When the examination commenced, the marquis nobleman, inhabited one of the most splendid hotels been accidentally found in the garden attached to his
house; and that these suspicions had been confirmed told the events of the preceding night, which excited in the Champs Elysées. The marquis had in early by his sudden departure from Paris on the morning of no small astonishment'; and it was resolved to bring life bcen sent to Paris in order to complete his studies; the day on which liis unfortunate friend was missing. in the man and confront him with liis accuser. and while there, had imbibed the principles of the re The marquis confessed that appearances were very Utterly unconscious of the dangerous position in volutionary party, which at that period was silently much against him, but at the same tine brought for- which his troubled dream had placed him, he entered but surely at work to undermine the monarchical ward, in exculpation, the absence of all motive to the the bureau of the prefect in high spirits, no doubt government, whose power was then vested in the per- gentleman was his most intimate friend; he had in the condemnation of the marquis ; but who shall
committal of so heinous a crime; the unfortunate thinking that everything was in proper train for son of the unfortunate Louis XVI.
formed him of his intention to leave Paris for a time, attempt to pourtray his horror and dismay when The education of the young marquis being com- and on his return it was his first object to find him accused of being himself the murderer! The effect pleted, he returned to his own country, where his re out. But these palliations had little weight with the was so startling that he lost all presence of mind, and, publican spirit was not allowed to remain long inac- stern functionaries before whom he was now ar. in an agony of passionate apprehension, threw himself tive; the French army entered Italy, and its numbers raigned; he was ordered to produce some stronger upon his knees, crying for mercy, offering to confess were soon augmented by the followers of the Marigni evidence of his innocence, and in the meantime he all if he were only insured pardon. Of course no pro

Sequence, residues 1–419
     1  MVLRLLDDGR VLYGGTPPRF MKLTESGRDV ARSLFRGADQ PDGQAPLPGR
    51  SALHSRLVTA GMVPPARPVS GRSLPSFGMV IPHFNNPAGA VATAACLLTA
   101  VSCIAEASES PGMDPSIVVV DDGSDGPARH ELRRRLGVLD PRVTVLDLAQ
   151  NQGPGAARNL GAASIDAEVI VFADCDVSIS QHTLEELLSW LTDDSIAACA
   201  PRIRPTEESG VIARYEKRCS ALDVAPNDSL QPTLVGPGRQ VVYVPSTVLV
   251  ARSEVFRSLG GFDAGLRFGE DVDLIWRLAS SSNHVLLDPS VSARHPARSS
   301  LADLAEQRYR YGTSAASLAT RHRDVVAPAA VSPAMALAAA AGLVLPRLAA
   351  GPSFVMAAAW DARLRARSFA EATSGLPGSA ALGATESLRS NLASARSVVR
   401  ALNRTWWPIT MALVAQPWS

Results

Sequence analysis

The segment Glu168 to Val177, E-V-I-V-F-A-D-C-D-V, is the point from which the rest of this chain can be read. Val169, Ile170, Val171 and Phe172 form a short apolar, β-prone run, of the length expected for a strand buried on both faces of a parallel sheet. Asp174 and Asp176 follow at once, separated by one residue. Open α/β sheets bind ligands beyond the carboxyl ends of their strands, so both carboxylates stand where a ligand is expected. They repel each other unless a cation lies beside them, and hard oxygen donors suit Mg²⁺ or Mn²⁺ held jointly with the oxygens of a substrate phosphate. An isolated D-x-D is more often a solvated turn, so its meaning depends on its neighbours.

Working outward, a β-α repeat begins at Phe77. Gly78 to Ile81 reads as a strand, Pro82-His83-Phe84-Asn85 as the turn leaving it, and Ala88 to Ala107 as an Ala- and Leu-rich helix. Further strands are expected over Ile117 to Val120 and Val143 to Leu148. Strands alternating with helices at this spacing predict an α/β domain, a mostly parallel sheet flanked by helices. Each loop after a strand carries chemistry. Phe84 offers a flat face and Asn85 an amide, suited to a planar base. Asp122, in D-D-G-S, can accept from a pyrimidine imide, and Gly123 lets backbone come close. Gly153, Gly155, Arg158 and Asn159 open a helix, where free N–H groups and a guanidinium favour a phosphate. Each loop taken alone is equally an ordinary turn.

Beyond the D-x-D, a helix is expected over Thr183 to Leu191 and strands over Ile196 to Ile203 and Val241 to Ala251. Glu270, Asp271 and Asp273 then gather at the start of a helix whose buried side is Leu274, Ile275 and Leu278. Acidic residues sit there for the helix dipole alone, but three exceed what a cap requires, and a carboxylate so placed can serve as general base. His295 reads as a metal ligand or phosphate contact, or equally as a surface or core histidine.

must submit to be sent to the prison of La Force, mise of this kind could be made ; but on being told family, headed by the youthful marquis, who soon at
there to await a farther investigation of the affair. that it would be better for him to state at once all ho tained great distinction in his military capacity, and,
Hlere, then, in a gloomy chamber of La Force knew of the murder, he confessed that he had been in the subsequent campaigns of Napoleon, became one (whose name carried along with it terror and dismay hired by Philip Hurcan to assassinate his brother ; of the most successful of his officers.